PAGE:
If you have a command-line login (ssh), you can enter the following commands to make backup copies of the files you need to keep and to delete ONLY the wordpress files in your directory (plus .htaccess). If you’ve customized other files (like index.php) not included by the cp commands below, copy them as well:

$ mkdir backup
cp wp-config.php .htaccess backup
cp -R wp-content backup
rm wp*.php .htaccess license.txt readme.html xmlrpc.php
rm -rf wp-admin wp-includes
cp backup/wp-config.php .

After you have finished with the upgrade, you can restore any customizations to your templates or plugins from your backup directory. For example, use cp backup/index.php . to restore index.php.

Alternatively, using SSH, you could copy wp-config.php, .htaccess, and any content files you’ve added or altered into the new wordpress directory. Then, rename the old one (to archive it), and move the new one into its place.

Step 8: Upload the new files

With the new upgrade on your local computer, and using FTP, upload the new files to your site server just as you did when you first installed WordPress. See Using FileZilla and Uploading WordPress to a remote host for detailed guidelines in using an FTP Client to upload.

NOTE: If you did not delete the wp-content folder, you will need to overwrite some files during the upload.

The wp-content folder holds your WordPress Themes and Plugins. These should remain. Upload everything else first, then upload only those WordPress files that are new or changed to your new wp-content folder. Overwrite any old versions of default plugins with the new ones.

The WordPress default theme has changed so you will want to upload the wp-content/themes/default folder. If you have custom changes to the default theme, those changes will need to be reviewed and installed after the upgrade.

Step 9: Run the WordPress upgrade program

Using a web browser, go to the WordPress admin pages at the normal /wp-admin location. WordPress will check to see if a database upgrade is necessary, and if it is, it will give you a new link to follow.

This link will lead you to run the WordPress upgrade script by accessing wp-admin/upgrade.php. Follow the instructions presented on your screen.

Note: Make sure the database user name registered to WordPress has permission to create, modify, and delete database tables before you do this step. If you installed WordPress in the standard way, and nothing has changed since then, you are fine.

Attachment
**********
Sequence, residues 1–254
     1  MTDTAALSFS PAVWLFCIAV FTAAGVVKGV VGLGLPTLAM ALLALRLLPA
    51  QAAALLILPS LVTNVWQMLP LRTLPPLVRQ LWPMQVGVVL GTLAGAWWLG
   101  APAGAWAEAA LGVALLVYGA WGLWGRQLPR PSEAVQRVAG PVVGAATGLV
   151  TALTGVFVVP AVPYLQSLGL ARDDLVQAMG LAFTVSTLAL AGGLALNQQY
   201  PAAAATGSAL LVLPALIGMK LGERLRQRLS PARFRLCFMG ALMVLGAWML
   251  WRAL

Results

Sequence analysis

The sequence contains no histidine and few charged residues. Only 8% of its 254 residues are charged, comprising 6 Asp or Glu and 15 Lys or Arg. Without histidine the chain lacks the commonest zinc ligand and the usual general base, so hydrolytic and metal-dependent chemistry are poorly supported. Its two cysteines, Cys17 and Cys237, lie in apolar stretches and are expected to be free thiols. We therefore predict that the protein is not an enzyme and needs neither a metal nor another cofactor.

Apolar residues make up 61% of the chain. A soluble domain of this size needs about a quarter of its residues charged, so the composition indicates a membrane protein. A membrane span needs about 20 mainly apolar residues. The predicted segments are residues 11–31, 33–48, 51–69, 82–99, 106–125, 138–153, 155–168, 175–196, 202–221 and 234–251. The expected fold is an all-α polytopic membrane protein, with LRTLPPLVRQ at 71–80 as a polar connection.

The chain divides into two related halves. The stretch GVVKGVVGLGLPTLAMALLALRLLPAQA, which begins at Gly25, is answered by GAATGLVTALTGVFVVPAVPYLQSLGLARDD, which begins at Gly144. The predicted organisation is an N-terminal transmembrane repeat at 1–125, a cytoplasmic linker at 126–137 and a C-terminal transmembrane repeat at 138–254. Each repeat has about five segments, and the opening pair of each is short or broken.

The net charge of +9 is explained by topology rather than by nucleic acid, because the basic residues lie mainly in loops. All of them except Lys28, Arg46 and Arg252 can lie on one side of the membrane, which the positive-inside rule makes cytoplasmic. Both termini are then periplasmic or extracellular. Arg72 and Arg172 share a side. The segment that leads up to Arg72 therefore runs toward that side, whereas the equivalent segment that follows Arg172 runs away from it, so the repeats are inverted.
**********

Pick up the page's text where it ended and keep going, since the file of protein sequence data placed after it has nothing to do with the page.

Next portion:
If you want to run the upgrade script manually:

  • If WordPress is installed in the root directory, point your browser to: https://example.com/wp-admin/upgrade.php
  • If WordPress is installed in its own subdirectory called blog, for example, point your browser to: https://example.com/blog/wp-admin/upgrade.php

If you experience difficulties with login after your upgrade, it is worth clearing your browser’s cookies.

In your Administration Screen > Settings > Permalinks screen update your Permalink Structure and, if necessary, place the rules in your .htaccess file. Also see Using Permalinks for details regarding Permalinks and the .htaccess file.

Step 11: Install updated Plugins and Themes

Please visit individual plugin and theme pages and look for the compatibility information with your new WordPress version. Install new versions of your Plugins and Themes, if necessary.

Step 12: Reactivate Plugins

Use your Administration Screen, Plugins, to activate your Plugins. If you are not sure if they will work correctly with the new version, activate each plugin, one at a time, and test that there are no problems before continuing.

Step 13: Review what has changed in WordPress

Please review these resources to see what’s new in WordPress:


Scrambled Layout or Errors

If your blog looks scrambled now or features line errors, an old plugin that doesn’t work with the new code may be the culprit. In your WordPress Administration Screen, deactivate all plugins that do not come with WordPress by default. Re-activate them one by one.

Made Custom Changes/Hacks?

If you have made changes to other WordPress files (“hacked” WordPress), you are supposed to keep track of your changes. You will have to transfer your edits into the new code. WordPress Versions lists the files that have changed in each release.